The purpose of this study was to improve the contrast between the nerves and blood by reconsidering the imaging parameters of the sampling perfection with application-optimized contrasts using different flip angle evolutions (SPACE) method, and to compare it with conventional methods, including the constructive interference in steady state (CISS) and T2-weighted SPACE (T2-SPACE) methods. In the phantom study, the repetition time (TR), echo time (TE), flip angle (FA), and turbo factor (TF) of SPACE were varied using the restore pulse. The parameters for which the nerve-blood contrast (C1) and cerebrospinal fluid-nerve contrast (C2) were equal were selected. Though multiple conditions resulted in C1 and C2 equivalence, we determined/set the TR=500 ms, TE=21 ms, FA=120°, and TF=30, considering the acquisition time, specific absorption rate (SAR), and artifacts. This sequence was called “short TR and short TE SPACE with restore pulse (SSSR)”. In the phantom and healthy volunteer studies, the contrast between the nerves and blood in the SSSR method was statistically superior in both the physical and visual assessments compared with conventional methods. In the healthy volunteer study, C1 improved from 0.08 for CISS and 0.18 for T2-SPACE to 0.43 for SSSR. This is because the nerve signals in conventional methods were low due to the heavy T2-weighted, while those in the SSSR method were high due to the short TE and effect of the restore pulse. In conclusion, the contrast between the nerves and blood was significantly higher in the SSSR method compared with conventional methods.
It is necessary to verify an intensity-modulated radiation therapy (IMRT) plan and to confirm dose error within the tolerance, in order to perform it securely and precisely. IMRT with dynamic multi-leaf collimator (DMLC) requires high DMLC position accuracy. The DMLC position accuracy analysis software DynaLog File Viewer (DFV; Varian Medical Systems, Palo Alto, CA, USA) is used to analyze position errors of DMLC for IMRT plans. We analyzed correlation between DMLC parameters and position error of DMLC obtained from DFV in prostate IMRT. A regression analysis of the position error and the DMLC parameters was performed. As a result, a strong correlation was found between MLC position error and each of the DMLC parameters: leaf speed, gap width, and segment monitor unit (MU). We found the factors for the DMLC position error in this study. DMLC position error could be estimated from leaf speed, gap width, and segment MU when we analyze IMRT cases in the further study.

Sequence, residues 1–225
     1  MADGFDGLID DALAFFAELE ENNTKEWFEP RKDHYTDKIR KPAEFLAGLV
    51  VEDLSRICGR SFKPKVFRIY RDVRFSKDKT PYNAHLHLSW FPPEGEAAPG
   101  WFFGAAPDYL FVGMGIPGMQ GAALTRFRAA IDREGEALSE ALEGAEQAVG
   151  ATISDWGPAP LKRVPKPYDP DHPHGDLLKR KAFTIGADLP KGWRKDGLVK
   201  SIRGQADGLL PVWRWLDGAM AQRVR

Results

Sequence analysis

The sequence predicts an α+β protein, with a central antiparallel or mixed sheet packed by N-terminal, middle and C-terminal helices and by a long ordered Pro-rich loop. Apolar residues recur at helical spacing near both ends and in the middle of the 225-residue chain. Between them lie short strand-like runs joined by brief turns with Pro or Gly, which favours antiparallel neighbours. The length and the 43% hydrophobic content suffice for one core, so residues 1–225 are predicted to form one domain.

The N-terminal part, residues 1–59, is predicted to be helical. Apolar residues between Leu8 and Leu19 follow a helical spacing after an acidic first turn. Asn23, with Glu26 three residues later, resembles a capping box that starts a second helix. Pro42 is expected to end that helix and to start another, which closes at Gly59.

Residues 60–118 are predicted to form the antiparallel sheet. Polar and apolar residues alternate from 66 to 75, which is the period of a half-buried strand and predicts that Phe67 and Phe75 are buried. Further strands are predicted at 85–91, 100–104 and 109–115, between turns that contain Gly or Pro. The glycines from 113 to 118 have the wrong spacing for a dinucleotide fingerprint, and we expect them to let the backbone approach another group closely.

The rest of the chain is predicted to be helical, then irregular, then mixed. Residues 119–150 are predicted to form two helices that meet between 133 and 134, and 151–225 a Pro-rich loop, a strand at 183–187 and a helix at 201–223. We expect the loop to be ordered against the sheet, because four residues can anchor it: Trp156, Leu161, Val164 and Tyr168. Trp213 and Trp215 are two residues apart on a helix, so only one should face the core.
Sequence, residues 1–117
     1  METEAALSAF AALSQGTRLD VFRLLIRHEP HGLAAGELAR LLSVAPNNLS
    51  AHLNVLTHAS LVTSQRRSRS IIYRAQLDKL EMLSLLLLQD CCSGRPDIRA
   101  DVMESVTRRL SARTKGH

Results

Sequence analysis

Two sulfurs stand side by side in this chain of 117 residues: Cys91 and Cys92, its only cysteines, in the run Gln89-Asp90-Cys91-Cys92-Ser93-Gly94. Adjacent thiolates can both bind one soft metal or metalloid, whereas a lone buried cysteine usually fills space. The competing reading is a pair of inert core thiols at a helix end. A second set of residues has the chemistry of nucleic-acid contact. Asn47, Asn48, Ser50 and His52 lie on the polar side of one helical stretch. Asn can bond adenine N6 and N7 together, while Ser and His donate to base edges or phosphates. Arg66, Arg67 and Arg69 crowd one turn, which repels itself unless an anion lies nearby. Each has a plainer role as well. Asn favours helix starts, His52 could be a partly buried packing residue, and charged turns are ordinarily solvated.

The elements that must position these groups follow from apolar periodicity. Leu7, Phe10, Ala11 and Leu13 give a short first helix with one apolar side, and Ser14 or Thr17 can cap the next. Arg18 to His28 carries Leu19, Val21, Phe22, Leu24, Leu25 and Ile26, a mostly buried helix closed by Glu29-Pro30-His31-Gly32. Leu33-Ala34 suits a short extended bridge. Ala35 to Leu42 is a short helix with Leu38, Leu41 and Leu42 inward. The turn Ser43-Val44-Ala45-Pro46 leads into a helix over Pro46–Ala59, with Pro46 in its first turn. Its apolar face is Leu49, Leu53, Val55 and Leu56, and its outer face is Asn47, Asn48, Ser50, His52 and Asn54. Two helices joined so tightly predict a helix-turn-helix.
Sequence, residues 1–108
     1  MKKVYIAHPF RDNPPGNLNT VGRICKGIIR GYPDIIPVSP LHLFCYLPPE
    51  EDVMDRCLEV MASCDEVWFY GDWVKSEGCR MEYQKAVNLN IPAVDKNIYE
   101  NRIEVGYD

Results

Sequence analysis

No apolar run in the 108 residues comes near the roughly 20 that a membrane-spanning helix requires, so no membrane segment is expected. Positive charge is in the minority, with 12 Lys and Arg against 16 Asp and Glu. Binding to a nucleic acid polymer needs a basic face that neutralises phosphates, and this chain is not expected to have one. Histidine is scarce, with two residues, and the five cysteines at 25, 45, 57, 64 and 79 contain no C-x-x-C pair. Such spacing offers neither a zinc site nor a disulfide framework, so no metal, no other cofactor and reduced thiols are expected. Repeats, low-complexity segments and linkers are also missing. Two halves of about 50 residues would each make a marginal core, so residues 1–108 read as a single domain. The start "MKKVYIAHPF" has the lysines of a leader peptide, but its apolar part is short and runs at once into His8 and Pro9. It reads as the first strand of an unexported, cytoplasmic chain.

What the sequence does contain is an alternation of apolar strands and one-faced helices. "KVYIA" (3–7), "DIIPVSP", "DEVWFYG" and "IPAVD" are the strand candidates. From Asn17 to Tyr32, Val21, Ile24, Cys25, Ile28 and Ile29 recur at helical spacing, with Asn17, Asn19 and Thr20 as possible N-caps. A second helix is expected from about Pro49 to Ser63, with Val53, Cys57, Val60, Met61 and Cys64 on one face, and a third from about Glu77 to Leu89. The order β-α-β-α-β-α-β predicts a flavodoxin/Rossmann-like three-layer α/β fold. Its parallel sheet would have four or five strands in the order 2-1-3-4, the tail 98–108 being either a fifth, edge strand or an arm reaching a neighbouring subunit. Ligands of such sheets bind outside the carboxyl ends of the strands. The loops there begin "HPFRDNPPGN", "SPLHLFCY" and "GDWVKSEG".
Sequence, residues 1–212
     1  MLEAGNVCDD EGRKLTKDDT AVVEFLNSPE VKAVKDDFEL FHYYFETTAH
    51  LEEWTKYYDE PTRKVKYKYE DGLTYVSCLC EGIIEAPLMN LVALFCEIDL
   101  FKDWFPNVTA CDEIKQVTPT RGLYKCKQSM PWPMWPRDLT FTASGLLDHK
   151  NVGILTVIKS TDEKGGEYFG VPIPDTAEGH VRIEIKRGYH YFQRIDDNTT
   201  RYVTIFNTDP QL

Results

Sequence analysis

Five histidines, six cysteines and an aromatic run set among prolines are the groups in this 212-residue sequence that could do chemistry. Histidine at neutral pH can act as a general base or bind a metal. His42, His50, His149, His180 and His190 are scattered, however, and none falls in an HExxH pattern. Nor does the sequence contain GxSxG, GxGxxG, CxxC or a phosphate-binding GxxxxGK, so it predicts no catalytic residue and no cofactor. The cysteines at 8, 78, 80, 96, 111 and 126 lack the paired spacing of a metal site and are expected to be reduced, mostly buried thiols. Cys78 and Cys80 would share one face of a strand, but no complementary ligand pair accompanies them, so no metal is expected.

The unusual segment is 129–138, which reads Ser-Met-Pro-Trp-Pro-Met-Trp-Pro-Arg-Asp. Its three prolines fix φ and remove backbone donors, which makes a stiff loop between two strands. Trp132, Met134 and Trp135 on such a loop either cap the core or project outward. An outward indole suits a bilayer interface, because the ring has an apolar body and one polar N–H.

It is important to optimize the exposure dose when conducting interventional radiology, but optimization is difficult for medical centers to achieve independently. In 2005, we administered a questionnaire on the measurement of dose rates and awareness of exposure reduction when performing percutaneous coronary intervention. Ten years later, we conducted a follow-up survey of the same 31 centers to determine the current situation and identify trends. The results of the survey showed that the mean fluoroscopy dose rate decreased to 55% of the 2005 value, from 28.2 to 15.6 mGy/min, and the mean radiography dose rate decreased to 71% of the 2005 value, from 4.2 to 3.0 mGy/s. Dose rates for both fluoroscopy and radiography decreased by 84% of facilities. The results also indicated greater cooperation by physicians compared to 10 years ago. In particular, there was a considerable increase in the exchange of ideas with physicians regarding exposure, suggesting a stronger level of interest in exposure. The overall score for questionnaire items was 33% higher than that in the previous survey. These results show that in the past 10 years, awareness of exposure reduction has improved, and dose optimization has been a major factor in the downward trend in dose rates in radiography and fluoroscopy.
Purpose: The aim of this study was to clarify the artifacts that occurred in the non-activity signal with computed tomography (CT)-based attenuation correction (CTAC) error due to image misregistration. Methods: We used a cylindrical phantom containing a test tube with a diameter of 15 mm as the non-activity signal part. Positron emission tomography (PET) images were acquired for 30 minutes using the phantom with water in the non-activity signal part and 18F-fluoro-2-deoxy-d-glucose (18F-FDG) (5.3 kBq/ml) in the background area. CT scanning was performed by replacing the water with contrast agents at different dilutions to obtain arbitrary CT numbers (–1000 to 1000). The PET images were attenuation-corrected individually by the CT images in which the CT number of the non-activity signal part had changed. The relationship between the CT numbers and the CTAC artifact was determined by measuring the PET value in the non-activity signal part of the PET images and comparing Ci. Results: As the CT number of the CT images increased, Ci of the artifact increased. The CT number and Ci had a correlation of y=1.48x+2.86×103 (R2 =0.99) when CTAC was performed in units of CT numbers above 0 for PET data of water (0 HU) and a correlation of y=3.15x+6.26×103 (R2 =0.97) when CTAC was performed in units of CT numbers below 0 for PET data of air (–1000 HU). Although the original CT image was air, the artifacts due to CTAC errors with different Hounsfield units showed larger changes. In particular, positive artifacts were recognized in the PET images after CTAC depending on the Hounsfield units. Conclusions: When the CT number was different from the original in CTAC, the PET value was different. CTAC should be performed with caution as there may be image misregistration.